Roots of the word are traced to the Soviet secret police
Vladimir Putin in Saint Petersburg, Russia, 1970. PHOTO: LASKI DIFFUSION/HULTON ARCHIVE/GETTY IMAGES
A diabolical-sounding Russian word has been making waves recently: “kompromat,” meaning “compromising material,” collected on someone for the purposes of blackmail. Less than two weeks before being sworn in as president, Donald Trump faced reports that the Russian government had “kompromat” on him, allegedly including evidence of sordid dealings with prostitutes and compromising financial ties.
The accusations appeared in a dossier prepared by a British ex-intelligence officer that was posted by BuzzFeed. Mr. Trump and Russian officials have both dismissed the dossier’s claims, which news outlets including The Wall Street Journal couldn’t verify. But the story has brought new attention to a word that has its roots in the cloak-and-dagger machinations of the Soviet era, when real or manufactured dirt might be gathered to disable political foes.
By combining the first two syllables of “komprometiruyushchiy,” meaning “compromising,” with the first syllable of “material,” which is also a Russian word, “kompromat” follows a popular pattern of Russian word formation, especially for terms related to the government and its ideological underpinnings. Examples go back to the Bolshevik Party’s creation of an executive committee in 1917, known as the “Politburo”—short for “Politicheskoye Buro,” or “political bureau.”
In her book “How Russia Really Works,” Alena Ledeneva of University College London writes that “kompromat” is “derived from 1930s secret police jargon.” But it is difficult to know for sure how far back it goes, since such tactics were not talked about publicly until the “thaw” under the reign of Nikita Khrushchev in the 1950s and early 1960s.
Yoram Gorlizki, a professor of politics at the University of Manchester, has recently uncovered archival material showing that the secret police and party officials were using the longer phrase for “compromising materials” in 1953. But Mr. Gorlizki told me that the shorter “kompromat” doesn’t appear in those documents.
To track down early examples of “kompromat” in Russian, I consulted with Donna Farina, an expert in Russian lexicography who teaches at New Jersey City University. She found the word first appearing in the Russian literary magazine Neva in 1962, though she notes that the writer appears to assume readers would already know the word.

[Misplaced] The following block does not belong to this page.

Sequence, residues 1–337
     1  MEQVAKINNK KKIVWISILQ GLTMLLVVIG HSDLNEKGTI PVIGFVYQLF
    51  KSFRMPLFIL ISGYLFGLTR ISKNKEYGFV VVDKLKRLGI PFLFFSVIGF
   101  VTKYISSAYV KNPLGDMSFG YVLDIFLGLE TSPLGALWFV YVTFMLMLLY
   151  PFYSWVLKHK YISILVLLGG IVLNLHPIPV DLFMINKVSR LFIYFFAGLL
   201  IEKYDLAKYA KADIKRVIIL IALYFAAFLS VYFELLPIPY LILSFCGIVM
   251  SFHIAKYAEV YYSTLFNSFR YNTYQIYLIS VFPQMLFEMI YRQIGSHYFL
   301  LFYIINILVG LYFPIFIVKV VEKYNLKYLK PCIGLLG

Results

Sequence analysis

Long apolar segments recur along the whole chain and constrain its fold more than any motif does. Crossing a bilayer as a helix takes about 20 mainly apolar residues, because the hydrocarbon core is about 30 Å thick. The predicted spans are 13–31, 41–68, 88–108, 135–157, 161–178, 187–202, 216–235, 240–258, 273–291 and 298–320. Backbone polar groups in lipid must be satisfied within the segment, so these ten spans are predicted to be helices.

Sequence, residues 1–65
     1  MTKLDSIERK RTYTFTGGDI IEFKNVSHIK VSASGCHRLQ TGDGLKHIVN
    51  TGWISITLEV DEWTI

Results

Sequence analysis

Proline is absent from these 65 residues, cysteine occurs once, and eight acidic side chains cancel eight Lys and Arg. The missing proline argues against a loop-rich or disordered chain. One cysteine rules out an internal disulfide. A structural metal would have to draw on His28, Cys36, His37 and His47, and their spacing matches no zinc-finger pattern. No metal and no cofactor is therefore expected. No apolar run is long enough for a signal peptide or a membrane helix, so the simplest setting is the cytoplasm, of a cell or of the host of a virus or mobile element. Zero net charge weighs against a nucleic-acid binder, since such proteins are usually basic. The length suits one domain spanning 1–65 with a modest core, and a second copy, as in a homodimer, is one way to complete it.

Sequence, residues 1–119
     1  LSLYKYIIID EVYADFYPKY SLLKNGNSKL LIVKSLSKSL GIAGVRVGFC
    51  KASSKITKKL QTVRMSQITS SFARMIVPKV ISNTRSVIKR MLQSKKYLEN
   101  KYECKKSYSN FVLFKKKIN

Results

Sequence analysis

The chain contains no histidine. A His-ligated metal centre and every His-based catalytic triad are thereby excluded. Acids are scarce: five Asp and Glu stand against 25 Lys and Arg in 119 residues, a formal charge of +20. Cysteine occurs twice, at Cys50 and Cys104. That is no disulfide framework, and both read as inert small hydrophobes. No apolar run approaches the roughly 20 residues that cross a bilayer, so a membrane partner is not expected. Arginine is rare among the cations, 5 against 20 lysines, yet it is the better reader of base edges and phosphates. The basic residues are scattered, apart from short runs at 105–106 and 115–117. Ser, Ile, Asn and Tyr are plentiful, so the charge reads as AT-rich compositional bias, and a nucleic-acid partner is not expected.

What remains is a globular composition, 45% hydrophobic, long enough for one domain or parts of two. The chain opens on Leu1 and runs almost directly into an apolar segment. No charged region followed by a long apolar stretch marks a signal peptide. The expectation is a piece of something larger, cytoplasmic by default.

A 1968 book, Enrico Altavilla’s “The Art of Spying,” suggests that Soviet-style “kompromat” had been introduced to the Communist secret service of East Germany. In 1983, the word appeared in the English translation of Russian dissident Lev Kopelev’s memoir, “Ease My Sorrows,” in which he recalls learning that a rival had “started gathering a kompromat, a compromising affidavit.”
“Kompromat” didn’t start showing up in English-language news sources until Boris Yeltsin served as Russian president in the 1990s. In April 1993, Reuters reported that Russian Vice President Alexander Rutskoi had been accused by a Yeltsin ally of “collecting ‘kompromat’ (compromising material) for political ends” to bring Yeltsin down.
The Soviet era may be over, but the word lives on.
A Princeton PhD, was a US diplomat for over 20 years, mostly in Eastern Europe, and was promoted to the Senior Foreign Service in 1997. For the Open World Leadership Center, he speaks with
its delegates from Europe/Eurasia on the topic, "E Pluribus Unum? What Keeps the United States United" (http://johnbrownnotesandessays.blogspot.com/2017/03/notes-and-references-for-discussion-e.html). Affiliated with Georgetown University for over ten years, he shares ideas with students about public diplomacy.
The papers of his deceased father -- poet and diplomat John L. Brown -- are stored at Georgetown University Special Collections at the Lauinger Library. They are manuscript materials valuable to scholars interested in post-WWII U.S.-European cultural relations.
This blog is dedicated to him, Dr. John L. Brown, a remarkable linguist/humanist who wrote in the Foreign Service Journal (1964) -- years before "soft power" was ever coined -- that "The CAO [Cultural Affairs Officer] soon comes to realize that his job is really a form of love-making and that making love is never really successful unless both partners are participating."